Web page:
Survey responses show that mothers receiving an additional $1,000 in stimulus payments went to more prenatal doctor visits and were less likely to smoke in their third trimester.
To help identify the specific ways in which cash helps expectant mothers, Ruffini looked at the Census Bureau’s Household Pulse Survey, which asked respondents how they had spent the stimulus checks. She finds evidence that cash helps both directly, by providing resources to purchase goods and services that directly impact neonatal health, as well as indirectly, by reducing stress over finances.
“It looks like families were using the money first to spend down their debt, like paying off their credit cards, and second, to procure essential items—things like food, shelter, and rent,” Ruffini said. At a particularly challenging moment for many households, then, the stimulus payments provided families with the resources to make ends meet.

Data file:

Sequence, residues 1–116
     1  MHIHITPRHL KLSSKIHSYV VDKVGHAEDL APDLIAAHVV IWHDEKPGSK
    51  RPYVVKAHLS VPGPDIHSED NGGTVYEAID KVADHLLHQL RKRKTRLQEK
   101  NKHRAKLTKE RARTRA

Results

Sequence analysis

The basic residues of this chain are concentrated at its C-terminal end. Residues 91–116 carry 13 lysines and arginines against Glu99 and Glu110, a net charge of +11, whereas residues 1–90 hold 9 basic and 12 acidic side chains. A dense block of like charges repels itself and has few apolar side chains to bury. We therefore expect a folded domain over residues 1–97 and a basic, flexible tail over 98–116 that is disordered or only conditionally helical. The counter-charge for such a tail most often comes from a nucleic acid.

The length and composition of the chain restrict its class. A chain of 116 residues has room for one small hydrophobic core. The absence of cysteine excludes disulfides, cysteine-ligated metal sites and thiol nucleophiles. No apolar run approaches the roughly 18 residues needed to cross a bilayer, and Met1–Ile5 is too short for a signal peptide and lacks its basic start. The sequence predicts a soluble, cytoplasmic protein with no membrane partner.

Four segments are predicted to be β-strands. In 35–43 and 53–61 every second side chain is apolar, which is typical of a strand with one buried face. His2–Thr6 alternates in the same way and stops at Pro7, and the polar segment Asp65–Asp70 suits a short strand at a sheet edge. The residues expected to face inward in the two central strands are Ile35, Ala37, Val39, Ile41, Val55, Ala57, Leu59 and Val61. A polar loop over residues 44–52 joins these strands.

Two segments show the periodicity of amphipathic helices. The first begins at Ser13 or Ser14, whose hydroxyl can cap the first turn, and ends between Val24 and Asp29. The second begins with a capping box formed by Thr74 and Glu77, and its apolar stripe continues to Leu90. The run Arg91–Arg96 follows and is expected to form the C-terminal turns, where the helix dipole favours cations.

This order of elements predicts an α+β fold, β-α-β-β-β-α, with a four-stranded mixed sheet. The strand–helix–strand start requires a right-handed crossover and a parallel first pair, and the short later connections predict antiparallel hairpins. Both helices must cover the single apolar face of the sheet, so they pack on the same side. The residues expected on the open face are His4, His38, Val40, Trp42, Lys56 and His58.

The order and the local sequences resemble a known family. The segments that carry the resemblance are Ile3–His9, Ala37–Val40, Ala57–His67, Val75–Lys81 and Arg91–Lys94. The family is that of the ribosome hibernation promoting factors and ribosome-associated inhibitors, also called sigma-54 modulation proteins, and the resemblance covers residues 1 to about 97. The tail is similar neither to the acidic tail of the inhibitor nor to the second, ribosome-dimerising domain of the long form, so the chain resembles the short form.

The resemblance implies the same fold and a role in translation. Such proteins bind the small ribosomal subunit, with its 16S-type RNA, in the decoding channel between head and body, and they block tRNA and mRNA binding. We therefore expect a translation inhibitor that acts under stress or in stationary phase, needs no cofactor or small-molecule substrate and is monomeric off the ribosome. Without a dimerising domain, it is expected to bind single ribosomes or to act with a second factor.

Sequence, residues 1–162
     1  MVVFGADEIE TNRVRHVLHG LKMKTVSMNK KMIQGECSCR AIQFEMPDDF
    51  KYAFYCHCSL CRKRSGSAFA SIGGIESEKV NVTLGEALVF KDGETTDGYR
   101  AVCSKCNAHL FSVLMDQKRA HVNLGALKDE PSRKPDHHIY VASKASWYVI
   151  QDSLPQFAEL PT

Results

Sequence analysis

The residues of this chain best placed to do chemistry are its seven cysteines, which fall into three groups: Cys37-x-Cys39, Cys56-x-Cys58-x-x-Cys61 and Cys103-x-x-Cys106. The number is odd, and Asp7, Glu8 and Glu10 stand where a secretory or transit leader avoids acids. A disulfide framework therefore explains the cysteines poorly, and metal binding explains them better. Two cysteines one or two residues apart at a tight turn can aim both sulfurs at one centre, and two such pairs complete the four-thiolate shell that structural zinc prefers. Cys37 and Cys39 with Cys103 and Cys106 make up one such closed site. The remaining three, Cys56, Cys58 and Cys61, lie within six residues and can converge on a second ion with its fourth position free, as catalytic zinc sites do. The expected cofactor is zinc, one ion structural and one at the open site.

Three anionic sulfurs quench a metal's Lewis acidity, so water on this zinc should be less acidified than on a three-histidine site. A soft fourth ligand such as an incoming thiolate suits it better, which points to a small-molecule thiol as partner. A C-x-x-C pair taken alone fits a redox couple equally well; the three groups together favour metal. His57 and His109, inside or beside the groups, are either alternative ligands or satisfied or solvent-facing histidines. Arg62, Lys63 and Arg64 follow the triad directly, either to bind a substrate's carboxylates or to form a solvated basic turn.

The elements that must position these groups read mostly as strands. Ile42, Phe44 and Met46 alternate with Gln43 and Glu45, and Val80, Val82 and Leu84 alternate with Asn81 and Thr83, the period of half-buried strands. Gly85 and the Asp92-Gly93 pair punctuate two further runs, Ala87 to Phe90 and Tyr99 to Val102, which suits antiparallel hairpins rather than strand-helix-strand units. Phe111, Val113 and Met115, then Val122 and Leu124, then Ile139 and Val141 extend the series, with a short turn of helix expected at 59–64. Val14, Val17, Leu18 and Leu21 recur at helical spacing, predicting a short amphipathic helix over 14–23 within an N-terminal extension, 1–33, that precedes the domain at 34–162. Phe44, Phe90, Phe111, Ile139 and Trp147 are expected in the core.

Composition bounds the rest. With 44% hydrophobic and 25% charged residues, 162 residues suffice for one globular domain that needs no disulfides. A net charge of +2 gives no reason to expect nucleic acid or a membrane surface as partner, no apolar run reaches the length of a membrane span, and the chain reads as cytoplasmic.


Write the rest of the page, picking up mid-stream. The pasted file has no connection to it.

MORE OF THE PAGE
More specifically, survey responses show that mothers receiving an additional $1,000 in stimulus payments went to more prenatal doctor visits and were less likely to smoke in the third trimester. Maternal smoking is highly correlated with low birth weight. It is also correlated with maternal stress: “When moms are less stressed, they’re less likely to smoke,” Ruffini said.
Ruffini’s findings provide useful context for ongoing discussion around guaranteed basic income programs, which are increasingly popular at the local level. About 45 such programs are now active in U.S. localities, including Minneapolis, and at least 30 more are in planning phases.
“The overarching question of how additional resources affect family well-being is something that has interested economists and researchers in public health for a really long time,” Ruffini said. Future research on these programs as well as the EIP and CTC payments will advance understanding of the specific ways in which unconditional, frequent, and widespread cash payments impact our children.